Thursday, November 26, 2009

k.c. inspires YIM Catholic post

Kneeling Catholic said...
http://www.pilgrimhall.org/ThanxProc2000.htm

above is a link to a collection of recent presidential Thanksgiving day proclamations.

>>it's hard to imagine either Bush, a Clinton, or any other recent president putting God above country


---Mr. Bull, politicians giving lipservice to God is easy to come by. You will find a certain reluctance to mention God directly in Mr. Obama's address which does reveal a lot more than I would have guessed.

However lumping President Bush in with Presidents Clinton and Obama as not giving God credit doesn't square. Dislike of Bush - which you seem to be venting - , by Hollywood, the media and elites, stemmed from one word -- Abortion. Please don't tell me that it is people loving their country more than God that is the problem. It is a fact that people who feel little loyalty to their country generally have a problem with Faith in general. k.c.
November 25, 2009 5:45 PM

Webster Bull said...
k.c, I don't see how you can tweeze "dislike" of Bush out of a statement that puts all recent presidents in one pile and contrasts them with the father of our country, who, with his contemporaries, really took the Christian God into account when writing our founding documents and then governing by them. There is nothing in my write-up that contrasts Obama and Clinton with the Bushes. The contrast is with Washington, over 220 years, possibly with Lincoln over 150. By "lumping" Bush with Obama and Clinton, I am trying to crawl, clamber, claw my way above politics to a broader issue, yes, even broader than abortion. That is: what do I put first in my life, God or Caesar? Do I consider the Beatitudes before I bomb Iraq, for example? Do I consider the Commandments before I support abortion, for another example? I am opposed to abortion. I was opposed to the war in Iraq and remain so.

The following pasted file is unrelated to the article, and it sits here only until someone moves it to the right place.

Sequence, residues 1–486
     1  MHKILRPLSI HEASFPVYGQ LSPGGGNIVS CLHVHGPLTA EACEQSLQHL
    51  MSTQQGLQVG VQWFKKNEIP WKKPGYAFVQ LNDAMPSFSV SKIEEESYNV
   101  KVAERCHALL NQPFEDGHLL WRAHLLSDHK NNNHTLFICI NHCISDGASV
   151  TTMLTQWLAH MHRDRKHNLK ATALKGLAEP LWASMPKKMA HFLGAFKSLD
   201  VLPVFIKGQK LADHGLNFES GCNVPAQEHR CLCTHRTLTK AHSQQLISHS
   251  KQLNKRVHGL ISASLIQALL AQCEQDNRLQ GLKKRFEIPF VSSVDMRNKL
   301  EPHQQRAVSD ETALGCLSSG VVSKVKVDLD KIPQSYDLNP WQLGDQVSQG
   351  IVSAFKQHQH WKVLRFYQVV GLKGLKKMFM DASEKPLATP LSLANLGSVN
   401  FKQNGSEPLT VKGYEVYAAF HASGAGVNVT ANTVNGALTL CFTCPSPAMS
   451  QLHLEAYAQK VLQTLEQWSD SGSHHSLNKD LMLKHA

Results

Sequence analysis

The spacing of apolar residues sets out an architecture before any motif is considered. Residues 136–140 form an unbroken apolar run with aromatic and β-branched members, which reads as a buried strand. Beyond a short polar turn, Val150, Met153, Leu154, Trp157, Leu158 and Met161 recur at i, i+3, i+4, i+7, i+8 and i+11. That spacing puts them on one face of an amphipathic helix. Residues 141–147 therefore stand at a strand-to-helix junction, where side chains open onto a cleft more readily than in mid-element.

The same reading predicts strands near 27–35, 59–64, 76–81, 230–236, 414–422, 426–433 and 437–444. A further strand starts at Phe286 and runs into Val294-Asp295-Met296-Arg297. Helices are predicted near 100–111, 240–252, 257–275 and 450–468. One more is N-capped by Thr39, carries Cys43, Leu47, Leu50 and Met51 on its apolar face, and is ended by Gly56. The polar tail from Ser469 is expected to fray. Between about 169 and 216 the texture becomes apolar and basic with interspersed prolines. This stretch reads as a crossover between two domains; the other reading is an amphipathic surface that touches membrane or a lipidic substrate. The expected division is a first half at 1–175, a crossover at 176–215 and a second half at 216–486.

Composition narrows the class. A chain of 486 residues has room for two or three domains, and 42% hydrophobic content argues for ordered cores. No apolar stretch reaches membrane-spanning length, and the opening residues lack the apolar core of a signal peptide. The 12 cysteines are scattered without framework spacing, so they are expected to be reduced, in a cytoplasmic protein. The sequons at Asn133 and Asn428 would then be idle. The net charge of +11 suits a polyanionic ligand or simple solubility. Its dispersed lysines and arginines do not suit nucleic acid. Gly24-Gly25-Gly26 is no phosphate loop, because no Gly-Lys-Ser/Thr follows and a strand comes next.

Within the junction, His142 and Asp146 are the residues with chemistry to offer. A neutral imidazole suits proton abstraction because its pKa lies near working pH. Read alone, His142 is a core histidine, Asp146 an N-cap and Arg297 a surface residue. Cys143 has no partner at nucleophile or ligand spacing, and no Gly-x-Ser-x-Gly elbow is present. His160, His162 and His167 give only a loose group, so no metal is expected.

November 25, 2009 6:04 PM

Kneeling Catholic said...
>>Do I consider the Beatitudes before I bomb Iraq, for example?


---Happy Thanksgiving to you, Mr. Bull! You do know your statement betrays a pacifistic conviction. If the beautitudes make it obvious Bush XLIII should not have attacked, do they then make it obvious that Saddam,--who was paying suicide bombers in Israel [btw no seems to notice that that phenomenon ceased with Saddam's ouster], and had already attempted to assassinate Bush XLI, and did horrible things to the Kurds in Iraq--should still be in business? Do the beautitudes make it obvious that Iraqis should not now be voting in elections? ...

And! [back to George Washington] Do they make it obvious that the American Colonists should not have taken up arms and fought an eight year war?Please forgive my following pontification, but... Pacifism is a haven for elites and ingrates who loath their country. It is not Catholic. And forgive me if I have unfairly tarred you with pacifism, but you did leave yourself wide open...

k.c.
November 26, 2009 12:45 AM

Webster Bull said...